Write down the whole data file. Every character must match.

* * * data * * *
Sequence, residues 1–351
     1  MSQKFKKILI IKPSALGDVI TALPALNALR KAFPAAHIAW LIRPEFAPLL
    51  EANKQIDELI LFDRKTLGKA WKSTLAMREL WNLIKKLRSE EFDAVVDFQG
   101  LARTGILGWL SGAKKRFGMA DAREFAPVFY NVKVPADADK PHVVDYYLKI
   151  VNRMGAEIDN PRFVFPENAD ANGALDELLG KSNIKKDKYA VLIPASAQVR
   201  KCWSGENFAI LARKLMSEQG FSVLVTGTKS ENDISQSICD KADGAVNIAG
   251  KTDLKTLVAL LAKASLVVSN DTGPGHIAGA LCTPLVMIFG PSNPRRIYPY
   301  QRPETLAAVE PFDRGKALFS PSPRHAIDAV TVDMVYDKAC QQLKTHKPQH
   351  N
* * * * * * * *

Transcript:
Sequence, residues 1–351
     1  MSQKFKKILI IKPSALGDVI TALPALNALR KAFPAAHIAW LIRPEFAPLL
    51  EANKQIDELI LFDRKTLGKA WKSTLAMREL WNLIKKLRSE EFDAVVDFQG
   101  LARTGILGWL SGAKKRFGMA DAREFAPVFY NVKVPADADK PHVVDYYLKI
   151  VNRMGAEIDN PRFVFPENAD ANGALDELLG KSNIKKDKYA VLIPASAQVR
   201  KCWSGENFAI LARKLMSEQG FSVLVTGTKS ENDISQSICD KADGAVNIAG
   251  KTDLKTLVAL LAKASLVVSN DTGPGHIAGA LCTPLVMIFG PSNPRRIYPY
   301  QRPETLAAVE PFDRGKALFS PSPRHAIDAV TVDMVYDKAC QQLKTHKPQH
   351  N